Stay or go? How 7 players with opt-outs should handle this winter
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Free agency is almost here, but some players must make some important decisions first. Namely, whether they should test the waters.

Eight players, including a few of baseball's biggest stars, enter the offseason holding opt-out clauses that must be exercised within days of the World Series' conclusion. For some, the call might be a no-brainer, as Texas Rangers shortstop Elvis Andrus can attest.

Andrus, 31, has reportedly decided not to opt out of the three years and $43 million left on his contract, a choice likely made easier by his below-average 2019 season. Though the crop of free-agent shortstops is thin, it's doubtful he'd match the remainder of his contract on the open market.

But not every case is so cut and dried. Let's examine the choices facing the other seven players with opt-out clauses and advise - as best we can - whether or not they should exercise them.

Jake Arrieta, Phillies

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Position: SP
Age: 33
What he'd give up: 1 year, $20M
Eligible for qualifying offer: No

2019 Stats

IP ERA FIP WHIP K BB WAR
135.2 4.64 4.89 1.47 110 51 1.1

Arrieta's three-year deal with the Phillies contains a unique clause: Should he opt out, the Phillies can void the clause by immediately invoking a two-year, $40-million extension that would keep him in Philadelphia through 2022. Presumably, this deal was structured to pressure the Phillies into retaining him following two great seasons. Unfortunately for Arrieta, this decision couldn't have come at a worse time.

The right-hander made just 24 starts in 2019 because of a bone spur in his elbow. When he did pitch, Arrieta was a shell of his Cy Young-winning self, putting together his worst statistical season since his days as a Baltimore Oriole. He also made headlines with his words, ripping teammate Bryce Harper for an ejection in April and, more recently, feuding through the media with ex-Phillie Carlos Santana.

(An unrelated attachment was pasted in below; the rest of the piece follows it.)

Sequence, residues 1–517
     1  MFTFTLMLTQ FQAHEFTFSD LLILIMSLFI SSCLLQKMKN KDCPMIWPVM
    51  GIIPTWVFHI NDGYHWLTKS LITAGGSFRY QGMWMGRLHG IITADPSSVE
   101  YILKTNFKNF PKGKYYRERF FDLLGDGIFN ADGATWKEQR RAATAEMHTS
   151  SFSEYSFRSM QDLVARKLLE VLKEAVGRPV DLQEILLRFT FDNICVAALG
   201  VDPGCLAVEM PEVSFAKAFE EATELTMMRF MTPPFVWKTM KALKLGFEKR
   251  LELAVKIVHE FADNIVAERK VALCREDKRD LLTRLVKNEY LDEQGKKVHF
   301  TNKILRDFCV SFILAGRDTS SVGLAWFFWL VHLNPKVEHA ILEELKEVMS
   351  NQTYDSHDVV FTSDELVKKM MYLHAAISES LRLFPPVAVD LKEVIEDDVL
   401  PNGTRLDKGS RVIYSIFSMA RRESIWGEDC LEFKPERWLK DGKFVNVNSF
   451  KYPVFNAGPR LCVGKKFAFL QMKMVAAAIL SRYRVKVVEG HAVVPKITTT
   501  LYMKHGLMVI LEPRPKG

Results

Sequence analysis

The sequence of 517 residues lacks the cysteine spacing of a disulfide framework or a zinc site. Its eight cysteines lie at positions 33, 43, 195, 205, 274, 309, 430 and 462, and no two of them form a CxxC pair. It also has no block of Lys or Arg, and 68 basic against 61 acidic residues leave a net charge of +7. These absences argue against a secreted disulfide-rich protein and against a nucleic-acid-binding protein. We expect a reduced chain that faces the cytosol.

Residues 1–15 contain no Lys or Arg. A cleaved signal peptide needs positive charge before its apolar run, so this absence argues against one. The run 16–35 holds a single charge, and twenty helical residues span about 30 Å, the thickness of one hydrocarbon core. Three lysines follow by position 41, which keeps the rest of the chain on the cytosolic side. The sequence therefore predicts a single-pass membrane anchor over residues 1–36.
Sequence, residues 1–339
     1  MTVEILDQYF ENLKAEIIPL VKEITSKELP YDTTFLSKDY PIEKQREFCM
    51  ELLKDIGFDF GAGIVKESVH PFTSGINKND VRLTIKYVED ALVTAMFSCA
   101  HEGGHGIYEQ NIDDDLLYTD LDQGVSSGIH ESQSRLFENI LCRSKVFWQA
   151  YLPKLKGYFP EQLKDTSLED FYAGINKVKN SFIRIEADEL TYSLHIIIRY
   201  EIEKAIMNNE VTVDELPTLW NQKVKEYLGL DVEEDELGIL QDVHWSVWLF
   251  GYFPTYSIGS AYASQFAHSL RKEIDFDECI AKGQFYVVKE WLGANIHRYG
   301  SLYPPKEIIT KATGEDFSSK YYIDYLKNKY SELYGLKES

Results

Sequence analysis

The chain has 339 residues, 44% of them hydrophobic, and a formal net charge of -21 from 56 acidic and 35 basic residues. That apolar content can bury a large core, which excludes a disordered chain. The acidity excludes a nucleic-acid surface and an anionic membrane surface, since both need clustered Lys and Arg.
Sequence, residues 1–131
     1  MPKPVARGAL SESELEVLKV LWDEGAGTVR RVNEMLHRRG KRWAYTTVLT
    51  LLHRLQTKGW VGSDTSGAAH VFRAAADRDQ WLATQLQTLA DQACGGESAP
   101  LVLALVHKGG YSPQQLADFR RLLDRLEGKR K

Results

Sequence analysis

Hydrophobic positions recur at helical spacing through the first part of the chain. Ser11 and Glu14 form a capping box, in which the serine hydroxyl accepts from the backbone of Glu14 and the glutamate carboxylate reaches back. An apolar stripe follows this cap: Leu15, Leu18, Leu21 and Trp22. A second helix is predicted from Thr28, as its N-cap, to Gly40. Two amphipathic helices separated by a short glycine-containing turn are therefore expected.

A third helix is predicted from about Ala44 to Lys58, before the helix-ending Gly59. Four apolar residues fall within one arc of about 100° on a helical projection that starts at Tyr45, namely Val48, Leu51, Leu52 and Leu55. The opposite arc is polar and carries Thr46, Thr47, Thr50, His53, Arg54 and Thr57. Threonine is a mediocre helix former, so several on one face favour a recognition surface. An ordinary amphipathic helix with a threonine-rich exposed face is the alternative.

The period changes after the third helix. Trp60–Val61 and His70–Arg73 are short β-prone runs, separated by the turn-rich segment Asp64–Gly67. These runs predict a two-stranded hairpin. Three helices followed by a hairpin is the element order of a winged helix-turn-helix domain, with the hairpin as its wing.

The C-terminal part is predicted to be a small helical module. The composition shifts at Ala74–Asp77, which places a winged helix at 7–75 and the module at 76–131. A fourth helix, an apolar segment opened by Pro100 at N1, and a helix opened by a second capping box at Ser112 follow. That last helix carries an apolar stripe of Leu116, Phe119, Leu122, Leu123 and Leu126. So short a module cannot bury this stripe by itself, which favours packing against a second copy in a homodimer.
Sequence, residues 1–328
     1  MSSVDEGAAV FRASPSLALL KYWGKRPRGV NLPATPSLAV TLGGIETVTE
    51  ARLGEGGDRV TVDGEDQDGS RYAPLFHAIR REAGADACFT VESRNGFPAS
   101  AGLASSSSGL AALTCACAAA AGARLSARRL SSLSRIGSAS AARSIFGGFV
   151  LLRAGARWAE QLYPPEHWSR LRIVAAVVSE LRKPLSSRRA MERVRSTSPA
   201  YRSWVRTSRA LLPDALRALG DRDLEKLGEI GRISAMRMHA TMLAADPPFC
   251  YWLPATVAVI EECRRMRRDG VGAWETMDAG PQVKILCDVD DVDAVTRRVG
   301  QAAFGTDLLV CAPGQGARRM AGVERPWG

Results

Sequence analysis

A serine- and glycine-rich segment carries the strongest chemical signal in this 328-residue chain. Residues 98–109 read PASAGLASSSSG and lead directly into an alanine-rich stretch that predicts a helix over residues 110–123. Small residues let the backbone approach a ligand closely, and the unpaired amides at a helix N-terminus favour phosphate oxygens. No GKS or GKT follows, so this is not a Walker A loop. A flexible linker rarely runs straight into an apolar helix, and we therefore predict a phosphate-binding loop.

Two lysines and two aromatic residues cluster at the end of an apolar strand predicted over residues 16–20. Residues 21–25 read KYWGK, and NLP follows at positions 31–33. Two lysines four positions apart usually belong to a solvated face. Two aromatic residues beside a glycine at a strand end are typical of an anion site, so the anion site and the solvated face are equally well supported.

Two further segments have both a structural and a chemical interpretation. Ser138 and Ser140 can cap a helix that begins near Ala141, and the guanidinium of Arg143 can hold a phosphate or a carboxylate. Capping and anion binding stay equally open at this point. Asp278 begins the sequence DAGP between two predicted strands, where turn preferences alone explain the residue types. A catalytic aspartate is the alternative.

Should he opt out? No, and unless Arrieta's developed an intense allergy to cheesesteaks over the last two years, this should be a very easy call. It's safe to say the Arrieta-Phillies marriage hasn't panned out, and there's next to no chance the Phillies exercise the extension if he triggers it. One more year to go.

Aroldis Chapman, Yankees

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Position: RP
Age: 31
What he'd give up: 2 years, $30M
Eligible for qualifying offer: Yes

2019 Stats

IP ERA FIP SV WHIP K BB WAR
57.0 2.21 2.28 37 1.10 85 25 2.0

Chapman was once again the cornerstone of the Yankees' lights-out bullpen this season. He was one of only nine relievers worth at least two wins in 2019 and gave up just four home runs across the regular season and playoffs. In fact, he's surrendered only nine homers over the life of this contract - unfortunately, one of those was a walk-off bomb to Jose Altuve that ended the ALCS. Few relievers can match his body of work in the ninth inning.